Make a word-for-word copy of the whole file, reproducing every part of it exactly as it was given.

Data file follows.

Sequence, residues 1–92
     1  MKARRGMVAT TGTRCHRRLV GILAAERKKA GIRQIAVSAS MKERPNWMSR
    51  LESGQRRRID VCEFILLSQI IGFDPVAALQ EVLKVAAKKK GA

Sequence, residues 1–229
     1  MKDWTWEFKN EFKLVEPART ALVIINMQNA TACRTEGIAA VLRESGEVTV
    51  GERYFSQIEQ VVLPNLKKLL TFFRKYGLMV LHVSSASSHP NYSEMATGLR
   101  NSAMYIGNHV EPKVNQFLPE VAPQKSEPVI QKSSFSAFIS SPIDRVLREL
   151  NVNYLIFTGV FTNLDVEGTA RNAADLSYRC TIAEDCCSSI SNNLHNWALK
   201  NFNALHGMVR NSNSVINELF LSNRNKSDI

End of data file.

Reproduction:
Sequence, residues 1–92
     1  MKARRGMVAT TGTRCHRRLV GILAAERKKA GIRQIAVSAS MKERPNWMSR
    51  LESGQRRRID VCEFILLSQI IGFDPVAALQ EVLKVAAKKK GA

Sequence, residues 1–229
     1  MKDWTWEFKN EFKLVEPART ALVIINMQNA TACRTEGIAA VLRESGEVTV
    51  GERYFSQIEQ VVLPNLKKLL TFFRKYGLMV LHVSSASSHP NYSEMATGLR
   101  NSAMYIGNHV EPKVNQFLPE VAPQKSEPVI QKSSFSAFIS SPIDRVLREL
   151  NVNYLIFTGV FTNLDVEGTA RNAADLSYRC TIAEDCCSSI SNNLHNWALK
   201  NFNALHGMVR NSNSVINELF LSNRNKSDI